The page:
Trial of protection order service ends, Women's Refuge 'unconvinced' it was necessary
A government-commissioned pilot service which would have given Women's Refuge the ability to apply for protection orders on someone's behalf was quietly wound down without a single client accepted.
Women's Refuge says it was not because it was poorly delivered, but because it was ultimately unnecessary.
In December 2020, the National Collective of Independent Women's Refuge (NCIWR) was contracted by the Ministry of Justice to develop and trial the service.
It would have allowed them to make the application if someone was too fearful to do so, or was physically incapacitated.
It was part of the changes to the Family Violence Act, which were started by the previous National government and passed by the Labour-led government in 2018.
The protection order service was intended "to add an extra layer of protection," as NCIWR would have been able to provide ongoing support to the client.
It officially launched in June 2021 but in May 2022, NCIWR said it did not wish to renew the contract.
A "lessons learned" document, released to the National Party under the Official Information Act, showed in that time, no clients were accepted into the service.
It stated the referral criteria was confusing, and "it wasn't always clear who would fit into this service, as opposed to other supports available for victims of family violence". While two clients were referred to the service, they did not meet the criteria.
The document said police, Age Concern, NCIWR, and the domestic violence support organisation Shakti were all involved in the service's development, but "it was felt that there was a lack of clarity around the intent of the service, and how it would keep people safe".
Women's Refuge chief executive Ang Jury said it was ultimately a solution looking for a problem.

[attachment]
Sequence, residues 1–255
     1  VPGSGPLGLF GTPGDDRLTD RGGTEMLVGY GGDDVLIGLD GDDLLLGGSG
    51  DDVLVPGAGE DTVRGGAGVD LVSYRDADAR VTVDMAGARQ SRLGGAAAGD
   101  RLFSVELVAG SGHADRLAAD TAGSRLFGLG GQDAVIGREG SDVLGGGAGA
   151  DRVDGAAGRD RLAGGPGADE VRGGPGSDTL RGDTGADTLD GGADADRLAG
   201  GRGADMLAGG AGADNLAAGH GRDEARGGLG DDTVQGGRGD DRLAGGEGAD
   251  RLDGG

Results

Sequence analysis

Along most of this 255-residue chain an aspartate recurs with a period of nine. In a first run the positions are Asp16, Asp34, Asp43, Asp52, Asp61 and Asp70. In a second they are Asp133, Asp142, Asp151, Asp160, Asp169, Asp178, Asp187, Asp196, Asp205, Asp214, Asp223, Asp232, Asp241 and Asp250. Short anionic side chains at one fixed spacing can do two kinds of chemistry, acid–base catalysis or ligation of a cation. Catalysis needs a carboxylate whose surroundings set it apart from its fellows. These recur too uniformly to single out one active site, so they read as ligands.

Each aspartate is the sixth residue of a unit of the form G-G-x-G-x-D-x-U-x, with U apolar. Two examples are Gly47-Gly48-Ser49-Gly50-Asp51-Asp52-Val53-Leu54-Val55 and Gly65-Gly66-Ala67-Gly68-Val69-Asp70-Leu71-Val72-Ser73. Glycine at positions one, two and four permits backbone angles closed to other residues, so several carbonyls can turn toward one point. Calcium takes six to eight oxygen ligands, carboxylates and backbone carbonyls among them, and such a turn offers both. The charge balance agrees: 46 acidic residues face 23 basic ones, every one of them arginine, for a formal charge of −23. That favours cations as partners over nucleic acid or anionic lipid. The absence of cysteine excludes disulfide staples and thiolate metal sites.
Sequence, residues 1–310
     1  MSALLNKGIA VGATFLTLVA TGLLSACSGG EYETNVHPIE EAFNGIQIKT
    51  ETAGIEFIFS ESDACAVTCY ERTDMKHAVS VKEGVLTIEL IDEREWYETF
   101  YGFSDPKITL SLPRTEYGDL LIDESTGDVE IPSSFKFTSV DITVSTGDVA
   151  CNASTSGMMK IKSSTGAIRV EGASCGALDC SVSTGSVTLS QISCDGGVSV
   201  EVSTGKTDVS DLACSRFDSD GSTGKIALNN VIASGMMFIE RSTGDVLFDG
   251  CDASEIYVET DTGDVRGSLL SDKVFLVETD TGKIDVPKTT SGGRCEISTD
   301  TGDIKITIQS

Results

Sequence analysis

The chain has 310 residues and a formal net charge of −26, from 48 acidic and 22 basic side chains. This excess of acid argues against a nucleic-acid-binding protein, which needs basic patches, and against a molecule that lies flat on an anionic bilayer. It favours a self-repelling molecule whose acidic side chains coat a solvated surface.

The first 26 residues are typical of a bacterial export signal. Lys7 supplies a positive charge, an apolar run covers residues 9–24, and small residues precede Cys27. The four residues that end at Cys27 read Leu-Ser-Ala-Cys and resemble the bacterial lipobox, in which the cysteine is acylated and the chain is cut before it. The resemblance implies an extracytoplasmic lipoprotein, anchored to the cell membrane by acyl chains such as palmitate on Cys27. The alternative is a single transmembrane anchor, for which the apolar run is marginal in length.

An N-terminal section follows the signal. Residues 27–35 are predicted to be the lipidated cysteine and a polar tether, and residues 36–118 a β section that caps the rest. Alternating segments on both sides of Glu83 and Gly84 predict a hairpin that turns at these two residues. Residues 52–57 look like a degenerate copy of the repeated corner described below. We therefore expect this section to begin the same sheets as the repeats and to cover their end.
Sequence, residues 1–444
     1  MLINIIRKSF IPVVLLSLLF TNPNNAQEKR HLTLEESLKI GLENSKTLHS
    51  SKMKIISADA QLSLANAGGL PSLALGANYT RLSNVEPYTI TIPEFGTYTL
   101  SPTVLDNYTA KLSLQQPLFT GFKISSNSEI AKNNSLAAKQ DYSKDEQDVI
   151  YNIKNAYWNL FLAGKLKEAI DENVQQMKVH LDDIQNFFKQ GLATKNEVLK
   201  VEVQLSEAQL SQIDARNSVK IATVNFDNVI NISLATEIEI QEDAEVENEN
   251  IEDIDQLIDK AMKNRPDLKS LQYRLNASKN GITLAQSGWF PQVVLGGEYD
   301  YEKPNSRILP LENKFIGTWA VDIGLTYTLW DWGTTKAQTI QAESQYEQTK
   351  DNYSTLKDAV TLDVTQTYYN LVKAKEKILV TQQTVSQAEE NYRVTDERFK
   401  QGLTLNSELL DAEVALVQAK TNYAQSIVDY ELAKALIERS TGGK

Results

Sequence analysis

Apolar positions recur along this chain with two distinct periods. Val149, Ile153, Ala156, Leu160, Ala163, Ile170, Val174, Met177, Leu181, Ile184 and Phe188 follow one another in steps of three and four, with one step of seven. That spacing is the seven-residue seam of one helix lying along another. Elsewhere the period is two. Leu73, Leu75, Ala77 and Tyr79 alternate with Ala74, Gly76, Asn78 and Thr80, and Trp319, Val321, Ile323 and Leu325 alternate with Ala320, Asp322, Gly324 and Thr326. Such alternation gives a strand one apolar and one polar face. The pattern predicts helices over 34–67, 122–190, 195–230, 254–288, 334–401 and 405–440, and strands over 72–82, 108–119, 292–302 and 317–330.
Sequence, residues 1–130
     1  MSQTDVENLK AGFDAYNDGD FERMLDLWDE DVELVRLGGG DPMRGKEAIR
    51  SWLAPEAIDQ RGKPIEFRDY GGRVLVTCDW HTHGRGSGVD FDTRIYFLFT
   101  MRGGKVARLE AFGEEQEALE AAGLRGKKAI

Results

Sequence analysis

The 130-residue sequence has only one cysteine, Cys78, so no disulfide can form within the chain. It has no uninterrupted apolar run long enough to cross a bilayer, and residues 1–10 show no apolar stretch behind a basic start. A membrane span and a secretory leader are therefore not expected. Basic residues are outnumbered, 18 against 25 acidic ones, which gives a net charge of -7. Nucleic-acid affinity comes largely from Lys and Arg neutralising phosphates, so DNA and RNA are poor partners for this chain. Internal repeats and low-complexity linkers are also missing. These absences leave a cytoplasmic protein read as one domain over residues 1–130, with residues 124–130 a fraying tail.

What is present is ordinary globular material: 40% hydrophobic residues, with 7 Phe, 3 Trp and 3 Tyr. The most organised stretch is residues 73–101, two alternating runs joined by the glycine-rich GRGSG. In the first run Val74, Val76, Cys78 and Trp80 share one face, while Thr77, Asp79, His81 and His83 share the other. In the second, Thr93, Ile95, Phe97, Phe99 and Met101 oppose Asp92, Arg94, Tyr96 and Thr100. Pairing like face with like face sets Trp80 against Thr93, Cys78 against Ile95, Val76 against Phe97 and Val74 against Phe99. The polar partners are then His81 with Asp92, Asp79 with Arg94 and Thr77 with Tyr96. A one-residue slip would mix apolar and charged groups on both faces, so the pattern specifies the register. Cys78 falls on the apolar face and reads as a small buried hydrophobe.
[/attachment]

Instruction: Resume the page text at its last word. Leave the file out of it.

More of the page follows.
"We remain unconvinced that it's actually necessary. The mechanisms are already there for protection orders. Providing a protection order if someone is so frightened that they can't get it themselves is incredibly unsafe, because they won't be able to use it anyway if they're so afraid."
Women's Refuge could still help someone apply for a protection order, she said.
"In all of the thinking and working that we did around that, it was very difficult actually to come up with a scenario that was safe. And that wasn't already served."
National's justice spokesperson Paul Goldsmith said the intentions were noble but ultimately it was poorly implemented.
"Time and time again we've seen announcements made or projects started, but with poor follow-through," Goldsmith said.
Goldsmith took aim at the government, saying it had failed to deliver victims the help it promised.
"I'm all for experimentation and innovation and having a go, and sometimes things don't work out. But to have zero people picked up by any programme seems to me to be a bit weak," he said.
But Jury rejected such an accusation.
"I would strongly reject that. Absolutely and utterly reject that. The ministry was presented with legislation that they had to put into practice. They put it into practice, it wasn't needed. End of story."
The cost of the service "wasn't even in the six figures", she said.
In a statement, Ministry of Justice chief operating officer Carl Crafar said the ministry anticipated only a small number of clients would meet the specific referral criteria.
"The service was intended for people with extremely high needs who were unable to apply for a protection order, even with support. This service was to be an additional avenue of support, supplementing the existing resources available when seeking a protection order," Crafar said.
If a need for a similar service was identified in the future, the ministry would use what it learned from the process, he said. It had also made the application forms for protection orders clearer and easier for people to use.